The mobile van is a unique concept of reaching out to the remotest area and the poorest of people like those in the remote salt pans.

  Village Database
A database on the village cluster and profiles of its women members (along with her household's information) had been developed at the SSK level. The chief aim of this exercise was preparedness to face disasters. The process was accelerated by the tools and technology available readily at the SSK, along with trained members. In addition, usage of fax machines, landline and cellular telephones aided this process. The information was expected to aid if and when disaster happened. In the absence of a SSK or such tools, field workers filing reports from remote locations would have to travel to the nearest district office, resulting in loss of precious time at the time of disaster. Having a SSK nearby could help them file reports using computers and then either email them or fax them to the desired location. Hence, even hourly updates could be provided. Thus, the structure and processes flowing out of a tangible construction like SSK enabled data based decision-making and instilled confidence and motivation at the grassroots. The information processed and disseminated through the SSK provided a strong 'second line' of organizing and expedited timely action.

SSK also provided a forum for on-going community education about the dynamics of disasters and their repercussions. Also, in the event of any disaster taking place, SSK would be the place where affected people might take refuge and where rescue and relief operations might be monitored. These centers would also be the origin of activities i.e. planning and administration that would form a part of disaster strategies.

In the new information architecture being developed for SEWA the data generated at the grassroots would be fed into the database maintained at the SSK which would subsequently be uploaded to the main centralized servers of SEWA. The district association office of SEWA would thus be strengthened considerably with all the information made readily available. Currently, the scope and extent of SEWA activities generated huge data, which could be utilized in much better and more creative ways. The database management systems could provide applications, which could deliver custom-built reports. These analytical and Decision Support Systems (DSS) like reports would empower the members and spearhead team leaders towards best practices, efficacious interventions and scenario-building for meaningful and necessary projects to be taken up for the future. This would be related to education, social security, their existing livelihood as well as alternative activities to help the remote rural areas link with the urban centers.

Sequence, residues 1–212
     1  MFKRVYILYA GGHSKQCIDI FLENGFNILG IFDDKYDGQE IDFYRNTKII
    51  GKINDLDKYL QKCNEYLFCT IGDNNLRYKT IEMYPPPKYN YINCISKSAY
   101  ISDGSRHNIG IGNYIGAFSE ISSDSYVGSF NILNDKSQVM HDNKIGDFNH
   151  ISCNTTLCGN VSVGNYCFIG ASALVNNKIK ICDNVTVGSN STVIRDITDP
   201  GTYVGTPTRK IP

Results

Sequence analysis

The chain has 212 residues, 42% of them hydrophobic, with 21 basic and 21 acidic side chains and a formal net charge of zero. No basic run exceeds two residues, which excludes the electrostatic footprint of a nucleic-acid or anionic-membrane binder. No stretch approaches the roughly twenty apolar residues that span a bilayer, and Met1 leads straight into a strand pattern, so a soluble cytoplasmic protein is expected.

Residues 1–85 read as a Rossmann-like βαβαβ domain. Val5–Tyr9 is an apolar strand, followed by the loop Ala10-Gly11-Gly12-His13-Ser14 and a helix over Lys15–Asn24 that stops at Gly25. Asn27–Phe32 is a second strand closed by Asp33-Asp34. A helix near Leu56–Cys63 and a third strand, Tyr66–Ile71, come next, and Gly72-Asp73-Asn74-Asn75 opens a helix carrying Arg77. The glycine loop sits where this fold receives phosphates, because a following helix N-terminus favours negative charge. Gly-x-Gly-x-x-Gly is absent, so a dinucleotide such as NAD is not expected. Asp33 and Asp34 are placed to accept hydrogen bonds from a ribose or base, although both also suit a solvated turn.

The preparedness came in handy during the floods of July and August, 2004 when certain districts of Gujarat like Anand, Vadodara and Sabarkantha experienced the devastating floods. It was at the SSKs of these districts that information was collated (brought in by members and organizers from the disaster sites), formatted and analyzed as needed and handed over to government agencies in almost real-time. To cite an example: Analysing the data, gathered from the affected villages, at the SSK of Kheda revealed that mosquito bites were on the rise in certain villages. An immediate 'informed' decision; taken jointly by the local government bodies and the district association office of SEWA in Kheda, to supply a thousand mosquito nets to the affected villagers could be activated within twenty-four hours of the information first reaching the SSK. This led to prevention of malaria and also resulted in better surveillance procedures in the villages. Similarly, it was possible to pass on hourly updates to the District Collector from the affected sites, explaining the type and extent of damage and the status of relief work in these districts.